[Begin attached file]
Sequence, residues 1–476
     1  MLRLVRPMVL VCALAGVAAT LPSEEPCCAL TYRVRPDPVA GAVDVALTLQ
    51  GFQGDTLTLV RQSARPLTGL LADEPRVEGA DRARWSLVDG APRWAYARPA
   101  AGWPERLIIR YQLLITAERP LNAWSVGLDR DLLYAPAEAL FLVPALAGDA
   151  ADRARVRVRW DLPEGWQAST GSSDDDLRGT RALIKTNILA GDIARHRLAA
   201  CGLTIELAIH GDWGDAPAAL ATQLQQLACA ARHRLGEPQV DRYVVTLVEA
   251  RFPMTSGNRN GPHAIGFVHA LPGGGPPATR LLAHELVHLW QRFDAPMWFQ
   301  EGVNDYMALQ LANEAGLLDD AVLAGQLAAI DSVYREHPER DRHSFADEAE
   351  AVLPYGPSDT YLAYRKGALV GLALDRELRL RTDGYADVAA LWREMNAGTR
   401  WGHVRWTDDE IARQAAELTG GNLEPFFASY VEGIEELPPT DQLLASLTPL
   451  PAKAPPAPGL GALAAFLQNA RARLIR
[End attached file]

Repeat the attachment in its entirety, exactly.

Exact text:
Sequence, residues 1–476
     1  MLRLVRPMVL VCALAGVAAT LPSEEPCCAL TYRVRPDPVA GAVDVALTLQ
    51  GFQGDTLTLV RQSARPLTGL LADEPRVEGA DRARWSLVDG APRWAYARPA
   101  AGWPERLIIR YQLLITAERP LNAWSVGLDR DLLYAPAEAL FLVPALAGDA
   151  ADRARVRVRW DLPEGWQAST GSSDDDLRGT RALIKTNILA GDIARHRLAA
   201  CGLTIELAIH GDWGDAPAAL ATQLQQLACA ARHRLGEPQV DRYVVTLVEA
   251  RFPMTSGNRN GPHAIGFVHA LPGGGPPATR LLAHELVHLW QRFDAPMWFQ
   301  EGVNDYMALQ LANEAGLLDD AVLAGQLAAI DSVYREHPER DRHSFADEAE
   351  AVLPYGPSDT YLAYRKGALV GLALDRELRL RTDGYADVAA LWREMNAGTR
   401  WGHVRWTDDE IARQAAELTG GNLEPFFASY VEGIEELPPT DQLLASLTPL
   451  PAKAPPAPGL GALAAFLQNA RARLIR